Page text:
La Barceloneta, Barcelona

La Barceloneta, Barcelona

La Barceloneta (Catalan pronunciation: [lə βəɾsəluˈnɛtə]) is a neighborhood in the Ciutat Vella district of Barcelona, Catalonia, Spain. The neighborhood was constructed during the 18th century for the residents of the Ribera neighborhood who had been displaced by the construction of the Ciutadella of Barcelona. The neighborhood is roughly triangular, bordered by the Mediterranean Sea, the Moll d'Espanya of Port Vell, and the El Born neighborhood. This neighborhood has its own flag, and is serviced by its own stop on the Barcelona Metro line 4. This is a good starting point for whatever itinerary there may be to adventure through La Barceloneta. The yellow line, L4, which is the metro line that stops at La Barceloneta, is the most popular for pickpocketing. The neighborhood can also be discovered by taking Las Gorondrinas, which leave from the front port of the Columbus monument. This way the marine strip can be discovered, but the real charm of this neighborhood is by getting lost in the side streets or alleyways. Torre Sant Sebastià is the terminus of the Port Vell Aerial Tramway; opened in 1931, it connects La Barceloneta with Montjuïc across Port Vell.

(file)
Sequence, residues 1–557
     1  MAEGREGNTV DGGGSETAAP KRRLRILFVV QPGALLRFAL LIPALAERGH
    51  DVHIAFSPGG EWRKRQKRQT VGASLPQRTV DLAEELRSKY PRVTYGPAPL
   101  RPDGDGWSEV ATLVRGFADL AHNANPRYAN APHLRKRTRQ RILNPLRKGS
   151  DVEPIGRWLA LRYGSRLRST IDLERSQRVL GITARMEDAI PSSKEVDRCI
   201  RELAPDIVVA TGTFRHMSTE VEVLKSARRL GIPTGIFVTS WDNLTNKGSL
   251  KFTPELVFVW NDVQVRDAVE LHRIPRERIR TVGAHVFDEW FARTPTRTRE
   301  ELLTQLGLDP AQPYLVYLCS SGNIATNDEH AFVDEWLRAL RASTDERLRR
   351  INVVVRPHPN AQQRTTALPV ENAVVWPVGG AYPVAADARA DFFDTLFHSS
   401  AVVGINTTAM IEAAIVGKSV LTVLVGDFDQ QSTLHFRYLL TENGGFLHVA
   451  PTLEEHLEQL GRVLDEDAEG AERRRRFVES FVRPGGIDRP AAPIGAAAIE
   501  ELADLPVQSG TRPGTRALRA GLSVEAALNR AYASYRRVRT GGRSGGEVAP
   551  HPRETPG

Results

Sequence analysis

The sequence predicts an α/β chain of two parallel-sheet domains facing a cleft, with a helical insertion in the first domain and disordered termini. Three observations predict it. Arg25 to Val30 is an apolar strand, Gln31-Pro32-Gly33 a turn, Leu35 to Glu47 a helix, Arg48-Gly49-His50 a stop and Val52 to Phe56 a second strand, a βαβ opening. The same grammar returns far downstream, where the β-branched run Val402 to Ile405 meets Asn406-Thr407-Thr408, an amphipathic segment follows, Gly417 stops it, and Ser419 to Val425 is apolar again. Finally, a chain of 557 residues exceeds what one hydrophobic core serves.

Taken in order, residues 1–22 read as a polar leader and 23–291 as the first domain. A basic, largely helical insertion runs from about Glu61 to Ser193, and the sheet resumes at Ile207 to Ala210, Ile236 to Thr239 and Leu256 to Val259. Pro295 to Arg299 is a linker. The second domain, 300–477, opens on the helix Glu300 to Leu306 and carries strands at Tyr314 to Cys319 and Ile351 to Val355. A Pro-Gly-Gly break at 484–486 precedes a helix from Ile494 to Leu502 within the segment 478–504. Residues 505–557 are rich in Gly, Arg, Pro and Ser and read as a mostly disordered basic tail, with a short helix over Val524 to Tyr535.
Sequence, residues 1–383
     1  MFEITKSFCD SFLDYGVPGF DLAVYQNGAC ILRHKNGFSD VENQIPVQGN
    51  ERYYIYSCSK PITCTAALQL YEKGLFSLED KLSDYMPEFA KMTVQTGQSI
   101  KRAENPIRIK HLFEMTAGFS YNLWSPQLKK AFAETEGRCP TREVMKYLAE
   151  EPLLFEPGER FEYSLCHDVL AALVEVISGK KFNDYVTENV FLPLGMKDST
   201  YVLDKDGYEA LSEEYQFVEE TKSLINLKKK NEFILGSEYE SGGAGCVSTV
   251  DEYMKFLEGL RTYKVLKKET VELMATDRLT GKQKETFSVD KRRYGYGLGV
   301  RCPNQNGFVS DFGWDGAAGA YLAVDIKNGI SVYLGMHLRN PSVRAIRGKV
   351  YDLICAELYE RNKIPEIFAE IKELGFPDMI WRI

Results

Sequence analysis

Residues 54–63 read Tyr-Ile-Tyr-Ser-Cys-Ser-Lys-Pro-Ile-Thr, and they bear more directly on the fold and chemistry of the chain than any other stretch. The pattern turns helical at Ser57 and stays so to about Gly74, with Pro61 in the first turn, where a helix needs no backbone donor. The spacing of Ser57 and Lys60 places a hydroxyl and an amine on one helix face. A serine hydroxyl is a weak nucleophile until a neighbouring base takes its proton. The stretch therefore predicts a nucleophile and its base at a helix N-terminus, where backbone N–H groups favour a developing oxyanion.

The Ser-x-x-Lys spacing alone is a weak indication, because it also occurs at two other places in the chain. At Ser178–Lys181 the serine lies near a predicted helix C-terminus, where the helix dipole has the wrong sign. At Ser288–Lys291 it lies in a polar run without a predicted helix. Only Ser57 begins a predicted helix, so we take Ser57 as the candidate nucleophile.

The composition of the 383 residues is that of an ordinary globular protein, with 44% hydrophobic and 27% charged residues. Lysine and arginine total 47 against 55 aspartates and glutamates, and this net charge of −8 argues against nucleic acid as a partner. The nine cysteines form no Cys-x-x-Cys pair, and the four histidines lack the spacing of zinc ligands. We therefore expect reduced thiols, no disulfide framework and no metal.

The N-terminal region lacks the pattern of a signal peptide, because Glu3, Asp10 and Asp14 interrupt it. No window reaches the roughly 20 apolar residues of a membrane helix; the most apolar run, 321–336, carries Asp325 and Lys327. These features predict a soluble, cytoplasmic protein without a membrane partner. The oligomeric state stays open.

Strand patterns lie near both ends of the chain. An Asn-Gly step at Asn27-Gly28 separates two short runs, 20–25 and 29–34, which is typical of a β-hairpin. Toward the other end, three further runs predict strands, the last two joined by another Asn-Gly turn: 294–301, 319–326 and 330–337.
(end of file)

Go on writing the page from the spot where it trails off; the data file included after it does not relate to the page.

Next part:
La Barceloneta is known for its sandy beach (which made an appearance in Don Quixote, book 2) and its many restaurants and nightclubs along the boardwalk. Over the past several years the quality of the sand on the beach has become a source of continued controversy. In February 2008, the World Health Organization began an inquiry designed to ascertain whether the sand meets WHO beach health and safety guidelines.

With its modernity, La Barceloneta continues to inhabit the scent of salt and marine life. For many, this is considered a luxury. La Barceloneta also attracts many cruise ships to dock.

Among the attractions on Barceloneta's beach are German artist Rebecca Horn's "Homenatge a la Barceloneta" monument, and, where the beach gives way to the Port Olímpic, Frank Gehry's modern "Peix d'Or" sculpture.

In the center of the neighborhood, there is a small museum, called "Casa de la Barceloneta", which is housed in a preserved building dating back to 1761. Admission to the museum serves as an insight into the evolution of the neighborhood and its history. The house has a stone façade with letters and number engraved that are inscriptions of the plots used in construction.

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